What Is a Punter?

A punter is a trader who hopes to make quick profits in the financial markets. It is another term for speculator, used mainly in the U.K. Punters typically know that they are taking wildly improbably bets in the market, but that could have extremely lucrative payoffs.

In Great Britain and Australia, it is also a general term for one who gambles, a bettor.

Key Takeaways

  • A punter is a speculator who makes large bets on unlikely outcomes with the hopes of beating the odds for large payoffs.
  • A punter will often place a trade on a whim, or with little to no research or due diligence.
  • The term is mostly used in the U.K. and in Australia.

Understanding Punters

A punter's approach is to speculate rather than invest. Thus, punters aren't concerned with the fundamentals of an investment; instead, they attempt to make a quick profit by selling to somebody else at a higher price. Punters speculate in any market, but especially like options, futures and forex because of the leverage. Punters often make their trades with the understanding that the likelihood of coming out ahead is quite low, and often trades are made on the basis of gut feelings or herd mentality. Even though expectations are low for a winning trade, if they do pay off, the sum will be quite large.

By definition, a punter takes more risks than the typical trader or investor. However, where there is greater risk, there is the potential for greater return. Punters almost always use heavy amounts of leverage, which again makes the derivatives and forex markets attractive to them.

How Punters Operate

Punters, or speculators, attempt to predict price changes in more volatile sections of the markets, believing, or speculating, that a high profit will occur even if market indicators may suggest otherwise. Normally, speculators operate in a shorter time frame than a traditional trader. Short-term speculators are also known as stags.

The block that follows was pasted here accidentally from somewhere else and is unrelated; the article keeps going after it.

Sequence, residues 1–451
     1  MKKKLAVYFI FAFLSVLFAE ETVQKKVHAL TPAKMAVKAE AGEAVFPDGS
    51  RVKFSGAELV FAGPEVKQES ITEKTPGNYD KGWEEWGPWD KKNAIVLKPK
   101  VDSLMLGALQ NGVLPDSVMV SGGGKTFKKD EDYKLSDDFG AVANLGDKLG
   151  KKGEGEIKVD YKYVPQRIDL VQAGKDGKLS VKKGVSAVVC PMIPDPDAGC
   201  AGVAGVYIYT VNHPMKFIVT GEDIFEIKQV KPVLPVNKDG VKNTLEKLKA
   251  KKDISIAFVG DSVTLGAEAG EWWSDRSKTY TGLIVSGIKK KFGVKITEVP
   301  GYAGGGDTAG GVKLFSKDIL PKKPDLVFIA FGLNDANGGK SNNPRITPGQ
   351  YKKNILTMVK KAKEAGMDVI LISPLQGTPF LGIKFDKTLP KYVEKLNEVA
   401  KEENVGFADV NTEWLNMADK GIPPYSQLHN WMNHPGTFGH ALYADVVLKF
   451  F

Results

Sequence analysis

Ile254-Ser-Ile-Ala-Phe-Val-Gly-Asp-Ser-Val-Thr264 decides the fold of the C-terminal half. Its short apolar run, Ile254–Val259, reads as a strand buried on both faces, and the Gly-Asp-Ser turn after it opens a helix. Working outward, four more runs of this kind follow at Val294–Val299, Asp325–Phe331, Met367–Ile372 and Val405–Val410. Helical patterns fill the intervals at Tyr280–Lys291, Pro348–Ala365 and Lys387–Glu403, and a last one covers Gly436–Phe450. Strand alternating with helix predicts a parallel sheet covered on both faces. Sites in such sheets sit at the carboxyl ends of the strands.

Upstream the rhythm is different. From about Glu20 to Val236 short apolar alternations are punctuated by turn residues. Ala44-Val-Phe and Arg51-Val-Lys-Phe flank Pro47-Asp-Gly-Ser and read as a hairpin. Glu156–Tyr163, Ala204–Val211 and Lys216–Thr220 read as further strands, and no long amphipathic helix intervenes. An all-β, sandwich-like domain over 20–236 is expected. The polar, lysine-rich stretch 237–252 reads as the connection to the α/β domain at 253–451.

In the stock market, a trader speculates if he or she believes that a company that has recently seen a dramatic downturn, such as a highly negative press event or even a bankruptcy, will make a quick recovery. The trader's subsequent investment in that company makes them a speculator.

The same is true in reverse. If a speculator believes a downward trend is on the horizon or that an asset is currently overpriced, he or she sells as much of the asset as possible while prices are higher. This act begins to lower the sale price of the asset. If other traders act similarly, the price will continue to fall, resulting of a burst of any speculative bubble that may be in play until the activity in the market stabilizes.

Foreign Exchange Market

The forex market is one of a punter's favorite places to operate. The forex market is the world's largest market, with an estimated $5 trillion per day changing hands. The market trades around the world 24 hours a day; positions can be taken and reversed in seconds, utilizing high-speed electronic trading platforms.

Speculation in the forex market can be hard to differentiate from hedging, which is when a company or financial institution buys or sells a currency to protect itself from market movements.

For example, a sale of foreign currency related to a bond purchase can be deemed either a hedge of the bond's value or speculation; this can be especially complicated to define if the currency position is bought and sold multiple times while the fund owns the bond.